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  • Writer's pictureDiana Miret

Question # 11: When should I hire my first employee?

The answer is simple: when you have the time, money, role and onboarding process carefully detailed. It's simple, but not necessarily easy.

Let's break this down.

Role: the duties and responsibilities needs to be documented in a detailed job description.

Please don't go into a job site (like Indeed) and cut and paste a posted job description UNLESS it is exactly what you NEED. Clients often don't think through exactly what the person will be doing and estimating the amount of time it takes per week/month to do the work.

I recommend keeping a running list on paper for a few months of the tasks you think you can give to this resource, what inputs they need, what outputs are expected and the service level (SLA). If you need a certain task done by the X day of the month, that is a service level and we should be very clear about those expectations during the interview.

Think about what hours do you want them to work. Do you want them available when you are working? Will you allow them to work when it fits their schedule? This is very important to both of you and often an area which causes stress.

Things to keep in mind are:

  • Do you have written procedures for most if not all, the tasks you want them to do? You should!

  • Are all userid and passwords for systems handy?

  • Do they need special equipment to do the job? e.g. laptop, microphone, screens, desk, chair, place to sit, business cards, access to internal systems like Click-up, Asana, Quickbooks, HubSpot, etc.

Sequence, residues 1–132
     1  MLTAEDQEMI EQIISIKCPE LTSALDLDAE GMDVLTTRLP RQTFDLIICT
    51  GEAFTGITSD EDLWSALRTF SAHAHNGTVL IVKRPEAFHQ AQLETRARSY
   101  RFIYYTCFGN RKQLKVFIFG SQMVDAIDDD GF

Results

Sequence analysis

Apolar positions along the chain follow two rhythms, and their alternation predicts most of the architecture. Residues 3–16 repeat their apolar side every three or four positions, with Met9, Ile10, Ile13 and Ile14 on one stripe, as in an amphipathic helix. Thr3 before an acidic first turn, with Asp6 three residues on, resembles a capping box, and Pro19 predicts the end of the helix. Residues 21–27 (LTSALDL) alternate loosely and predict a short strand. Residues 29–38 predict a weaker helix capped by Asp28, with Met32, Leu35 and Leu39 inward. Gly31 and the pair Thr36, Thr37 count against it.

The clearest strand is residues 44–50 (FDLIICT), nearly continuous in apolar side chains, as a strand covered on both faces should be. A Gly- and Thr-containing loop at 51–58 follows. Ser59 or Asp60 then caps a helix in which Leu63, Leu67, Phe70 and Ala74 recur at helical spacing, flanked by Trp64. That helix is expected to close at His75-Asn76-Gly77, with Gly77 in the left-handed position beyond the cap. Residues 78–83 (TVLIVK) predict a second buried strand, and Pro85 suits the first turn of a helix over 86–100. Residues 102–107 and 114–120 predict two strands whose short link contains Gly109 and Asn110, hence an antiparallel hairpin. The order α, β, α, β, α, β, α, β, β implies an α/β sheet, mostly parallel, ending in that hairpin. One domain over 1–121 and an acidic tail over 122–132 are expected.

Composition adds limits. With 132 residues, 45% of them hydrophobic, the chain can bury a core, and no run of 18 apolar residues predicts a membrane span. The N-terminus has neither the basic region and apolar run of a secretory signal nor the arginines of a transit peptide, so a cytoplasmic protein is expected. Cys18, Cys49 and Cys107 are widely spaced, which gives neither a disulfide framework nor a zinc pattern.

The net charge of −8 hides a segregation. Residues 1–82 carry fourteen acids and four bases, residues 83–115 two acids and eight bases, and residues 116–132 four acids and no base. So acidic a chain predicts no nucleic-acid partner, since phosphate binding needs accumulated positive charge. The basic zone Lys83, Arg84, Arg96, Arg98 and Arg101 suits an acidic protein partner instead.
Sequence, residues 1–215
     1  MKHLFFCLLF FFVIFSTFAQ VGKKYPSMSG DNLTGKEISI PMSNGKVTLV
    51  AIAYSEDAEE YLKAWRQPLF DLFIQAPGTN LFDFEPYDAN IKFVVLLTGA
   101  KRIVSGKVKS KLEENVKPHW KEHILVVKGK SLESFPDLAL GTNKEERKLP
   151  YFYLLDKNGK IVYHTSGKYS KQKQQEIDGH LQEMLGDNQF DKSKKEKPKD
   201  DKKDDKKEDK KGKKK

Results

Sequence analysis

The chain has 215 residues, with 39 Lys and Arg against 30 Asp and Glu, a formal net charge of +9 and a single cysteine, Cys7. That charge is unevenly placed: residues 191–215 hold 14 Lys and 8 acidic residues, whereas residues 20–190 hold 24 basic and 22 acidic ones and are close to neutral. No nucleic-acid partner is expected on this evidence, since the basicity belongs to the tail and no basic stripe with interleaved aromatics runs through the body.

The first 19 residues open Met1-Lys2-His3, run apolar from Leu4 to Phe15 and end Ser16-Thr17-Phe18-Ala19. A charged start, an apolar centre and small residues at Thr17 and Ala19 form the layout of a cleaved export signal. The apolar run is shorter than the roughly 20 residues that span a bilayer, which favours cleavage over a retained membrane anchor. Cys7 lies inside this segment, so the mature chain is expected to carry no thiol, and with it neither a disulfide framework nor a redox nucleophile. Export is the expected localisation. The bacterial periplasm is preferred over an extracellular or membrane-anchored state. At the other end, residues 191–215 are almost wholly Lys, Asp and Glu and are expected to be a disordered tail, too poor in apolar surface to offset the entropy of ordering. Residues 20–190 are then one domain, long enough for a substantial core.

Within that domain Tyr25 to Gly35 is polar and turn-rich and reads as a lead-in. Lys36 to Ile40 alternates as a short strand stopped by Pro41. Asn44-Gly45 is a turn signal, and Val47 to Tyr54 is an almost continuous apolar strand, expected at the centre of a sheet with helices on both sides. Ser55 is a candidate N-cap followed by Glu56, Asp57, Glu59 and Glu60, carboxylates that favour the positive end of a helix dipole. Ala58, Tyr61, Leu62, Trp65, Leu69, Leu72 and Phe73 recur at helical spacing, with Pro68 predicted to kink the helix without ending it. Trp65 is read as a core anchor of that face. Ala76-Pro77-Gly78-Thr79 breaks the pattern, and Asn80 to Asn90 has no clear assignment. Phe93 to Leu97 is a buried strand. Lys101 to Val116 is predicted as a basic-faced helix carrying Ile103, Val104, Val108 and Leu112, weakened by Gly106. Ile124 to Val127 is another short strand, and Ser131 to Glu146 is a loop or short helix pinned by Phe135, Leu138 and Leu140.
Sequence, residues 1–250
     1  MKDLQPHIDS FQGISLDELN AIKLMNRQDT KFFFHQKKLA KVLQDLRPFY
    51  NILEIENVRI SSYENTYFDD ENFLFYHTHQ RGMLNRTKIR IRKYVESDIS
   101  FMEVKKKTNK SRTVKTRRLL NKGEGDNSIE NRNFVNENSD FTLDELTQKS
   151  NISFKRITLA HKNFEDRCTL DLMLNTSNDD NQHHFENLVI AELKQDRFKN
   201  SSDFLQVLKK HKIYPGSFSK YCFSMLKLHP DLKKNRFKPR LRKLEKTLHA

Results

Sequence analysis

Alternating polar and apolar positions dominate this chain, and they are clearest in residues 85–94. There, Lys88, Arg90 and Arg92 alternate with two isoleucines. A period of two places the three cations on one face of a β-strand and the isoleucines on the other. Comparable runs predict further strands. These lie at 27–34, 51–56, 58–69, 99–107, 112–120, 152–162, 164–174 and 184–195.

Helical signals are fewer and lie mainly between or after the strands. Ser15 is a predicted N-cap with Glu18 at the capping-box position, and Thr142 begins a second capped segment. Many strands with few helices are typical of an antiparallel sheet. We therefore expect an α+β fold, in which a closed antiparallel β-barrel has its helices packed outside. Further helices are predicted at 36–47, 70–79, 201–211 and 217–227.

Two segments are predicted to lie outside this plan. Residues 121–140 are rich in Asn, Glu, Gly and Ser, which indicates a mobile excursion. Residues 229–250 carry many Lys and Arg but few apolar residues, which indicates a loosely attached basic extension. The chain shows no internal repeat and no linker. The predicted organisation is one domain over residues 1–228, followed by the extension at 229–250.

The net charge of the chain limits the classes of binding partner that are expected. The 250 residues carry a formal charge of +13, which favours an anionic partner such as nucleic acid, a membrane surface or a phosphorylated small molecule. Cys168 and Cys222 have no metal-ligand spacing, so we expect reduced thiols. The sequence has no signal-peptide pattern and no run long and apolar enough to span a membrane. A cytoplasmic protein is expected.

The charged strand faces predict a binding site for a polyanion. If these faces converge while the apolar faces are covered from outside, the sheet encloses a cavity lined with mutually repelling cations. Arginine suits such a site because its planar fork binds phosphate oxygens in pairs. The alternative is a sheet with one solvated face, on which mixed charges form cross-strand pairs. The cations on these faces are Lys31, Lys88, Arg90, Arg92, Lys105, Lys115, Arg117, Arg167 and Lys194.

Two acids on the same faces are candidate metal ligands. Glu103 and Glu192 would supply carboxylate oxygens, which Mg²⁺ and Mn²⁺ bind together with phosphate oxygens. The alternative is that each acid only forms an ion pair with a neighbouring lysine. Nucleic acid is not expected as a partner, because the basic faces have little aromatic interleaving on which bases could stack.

• Make a list their internal customers and colleagues contact information.

Time: it takes time to interview candidates, onboard and train them. Block times in your calendar - don't fly by the seat of your pants. Don't expect someone to "take notes" while you tell them what you want them to do. This is not fair to the person. They are nervous and often feel overwhelmed trying to make heads or tails out of what you just said.

Money: I suggest to my CFO clients that they set aside 3 months of what they are going to pay the person in a separate savings account. That's right. A separate bank account. Ahead of posting the job. Put 3 months salary in at one time or, better yet, every 2 weeks as a "payroll". This accomplishes two things. You will quickly find out if you can afford the new employee if you can make the bi-weekly payroll. Second, you have their first 3 months in the bank while they are coming up to speed. It takes time for an employee to be fully productive and you will feel less pressure if their pay is already accounted for.

If you follow these three suggestions, you are on your way to finding the right person, onboarding them well and paying them with less stress.

Simple, but not easy. Good luck!

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